2016 US Bike Share Activity Snapshot

Table of Contents

Introduction

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Over the past decade, bicycle-sharing systems have been growing in number and popularity in cities across the world. Bicycle-sharing systems allow users to rent bicycles for short trips, typically 30 minutes or less. Thanks to the rise in information technologies, it is easy for a user of the system to access a dock within the system to unlock or return bicycles. These technologies also provide a wealth of data that can be used to explore how these bike-sharing systems are used.

In this project, you will perform an exploratory analysis on data provided by Motivate, a bike-share system provider for many major cities in the United States. You will compare the system usage between three large cities: New York City, Chicago, and Washington, DC. You will also see if there are any differences within each system for those users that are registered, regular users and those users that are short-term, casual users.

Posing Questions

Before looking at the bike sharing data, you should start by asking questions you might want to understand about the bike share data. Consider, for example, if you were working for Motivate. What kinds of information would you want to know about in order to make smarter business decisions? If you were a user of the bike-share service, what factors might influence how you would want to use the service?

Question 1: Write at least two questions related to bike sharing that you think could be answered by data.

Answer:

1. When does peak demand occur?

2. How does peak demand compare to a more average (baseline) demand level?

This information could help inform decision about variable pricing that scales depending upon the expected level of demand. Consider both these questions for both types of users (registered/regular and short-term/casual) and all three large cities (New York, Chicago, Washington DC).

Tip: If you double click on this cell, you will see the text change so that all of the formatting is removed. This allows you to edit this block of text. This block of text is written using Markdown, which is a way to format text using headers, links, italics, and many other options using a plain-text syntax. You will also use Markdown later in the Nanodegree program. Use Shift + Enter or Shift + Return to run the cell and show its rendered form.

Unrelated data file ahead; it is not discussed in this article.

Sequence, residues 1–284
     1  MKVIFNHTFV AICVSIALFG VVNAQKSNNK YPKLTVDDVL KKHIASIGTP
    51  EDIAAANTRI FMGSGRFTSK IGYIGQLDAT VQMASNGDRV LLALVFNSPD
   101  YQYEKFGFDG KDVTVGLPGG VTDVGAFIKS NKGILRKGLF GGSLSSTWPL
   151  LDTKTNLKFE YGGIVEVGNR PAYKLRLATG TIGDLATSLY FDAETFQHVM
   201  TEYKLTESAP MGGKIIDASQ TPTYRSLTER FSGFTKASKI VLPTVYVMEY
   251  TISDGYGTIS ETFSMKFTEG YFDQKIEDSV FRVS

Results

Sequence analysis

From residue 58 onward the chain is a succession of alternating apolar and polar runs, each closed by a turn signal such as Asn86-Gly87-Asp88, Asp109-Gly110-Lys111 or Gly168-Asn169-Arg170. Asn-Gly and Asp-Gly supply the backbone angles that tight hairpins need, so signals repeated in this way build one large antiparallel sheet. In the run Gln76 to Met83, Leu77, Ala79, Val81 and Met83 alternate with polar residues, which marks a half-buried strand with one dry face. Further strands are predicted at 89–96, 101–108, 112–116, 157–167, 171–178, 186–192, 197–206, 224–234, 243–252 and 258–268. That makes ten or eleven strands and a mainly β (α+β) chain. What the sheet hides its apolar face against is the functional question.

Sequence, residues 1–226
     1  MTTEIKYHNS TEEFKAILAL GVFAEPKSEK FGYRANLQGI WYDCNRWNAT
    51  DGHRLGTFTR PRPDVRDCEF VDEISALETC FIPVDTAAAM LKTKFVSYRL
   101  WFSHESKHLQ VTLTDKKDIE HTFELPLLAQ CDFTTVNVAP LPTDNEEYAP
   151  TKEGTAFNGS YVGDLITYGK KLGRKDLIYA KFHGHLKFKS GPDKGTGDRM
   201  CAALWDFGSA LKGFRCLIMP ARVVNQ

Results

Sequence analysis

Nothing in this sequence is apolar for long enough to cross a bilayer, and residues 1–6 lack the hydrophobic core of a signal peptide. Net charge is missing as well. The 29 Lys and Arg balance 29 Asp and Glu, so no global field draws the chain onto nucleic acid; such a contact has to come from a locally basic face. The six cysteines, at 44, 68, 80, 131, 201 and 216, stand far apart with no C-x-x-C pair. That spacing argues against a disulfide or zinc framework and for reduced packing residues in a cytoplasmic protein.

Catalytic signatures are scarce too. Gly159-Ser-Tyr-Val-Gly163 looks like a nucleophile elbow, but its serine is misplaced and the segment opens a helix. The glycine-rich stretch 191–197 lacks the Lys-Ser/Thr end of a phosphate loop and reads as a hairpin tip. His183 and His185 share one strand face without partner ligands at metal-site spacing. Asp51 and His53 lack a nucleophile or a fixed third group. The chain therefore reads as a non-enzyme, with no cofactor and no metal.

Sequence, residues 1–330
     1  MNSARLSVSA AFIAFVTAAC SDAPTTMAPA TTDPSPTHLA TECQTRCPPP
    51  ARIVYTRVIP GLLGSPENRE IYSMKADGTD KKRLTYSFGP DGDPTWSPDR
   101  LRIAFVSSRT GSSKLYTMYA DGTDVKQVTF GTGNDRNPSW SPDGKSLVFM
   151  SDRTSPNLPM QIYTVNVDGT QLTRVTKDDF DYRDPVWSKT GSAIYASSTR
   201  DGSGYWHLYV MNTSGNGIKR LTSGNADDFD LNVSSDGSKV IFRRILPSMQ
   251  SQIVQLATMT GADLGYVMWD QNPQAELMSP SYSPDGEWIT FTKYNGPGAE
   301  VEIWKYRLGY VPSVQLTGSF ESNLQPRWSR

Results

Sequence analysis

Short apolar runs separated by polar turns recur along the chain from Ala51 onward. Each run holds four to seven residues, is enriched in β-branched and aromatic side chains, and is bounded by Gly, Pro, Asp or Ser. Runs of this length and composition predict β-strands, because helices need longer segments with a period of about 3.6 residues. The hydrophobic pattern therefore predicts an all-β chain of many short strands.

Data Collection and Wrangling

Now it's time to collect and explore our data. In this project, we will focus on the record of individual trips taken in 2016 from our selected cities: New York City, Chicago, and Washington, DC. Each of these cities has a page where we can freely download the trip data.:

  • New York City (Citi Bike): Link
  • Chicago (Divvy): Link
  • Washington, DC (Capital Bikeshare): Link

If you visit these pages, you will notice that each city has a different way of delivering its data. Chicago updates with new data twice a year, Washington DC is quarterly, and New York City is monthly. However, you do not need to download the data yourself. The data has already been collected for you in the /data/ folder of the project files. While the original data for 2016 is spread among multiple files for each city, the files in the /data/ folder collect all of the trip data for the year into one file per city. Some data wrangling of inconsistencies in timestamp format within each city has already been performed for you. In addition, a random 2% sample of the original data is taken to make the exploration more manageable.

Question 2: However, there is still a lot of data for us to investigate, so it's a good idea to start off by looking at one entry from each of the cities we're going to analyze. Run the first code cell below to load some packages and functions that you'll be using in your analysis. Then, complete the second code cell to print out the first trip recorded from each of the cities (the second line of each data file).

Tip: You can run a code cell like you formatted Markdown cells above by clicking on the cell and using the keyboard shortcut Shift + Enter or Shift + Return. Alternatively, a code cell can be executed using the Play button in the toolbar after selecting it. While the cell is running, you will see an asterisk in the message to the left of the cell, i.e. In [*]:. The asterisk will change into a number to show that execution has completed, e.g. In [1]. If there is output, it will show up as Out [1]:, with an appropriate number to match the "In" number.

In [1]:
## import all necessary packages and functions.
import csv # read and write csv files
from datetime import datetime # operations to parse dates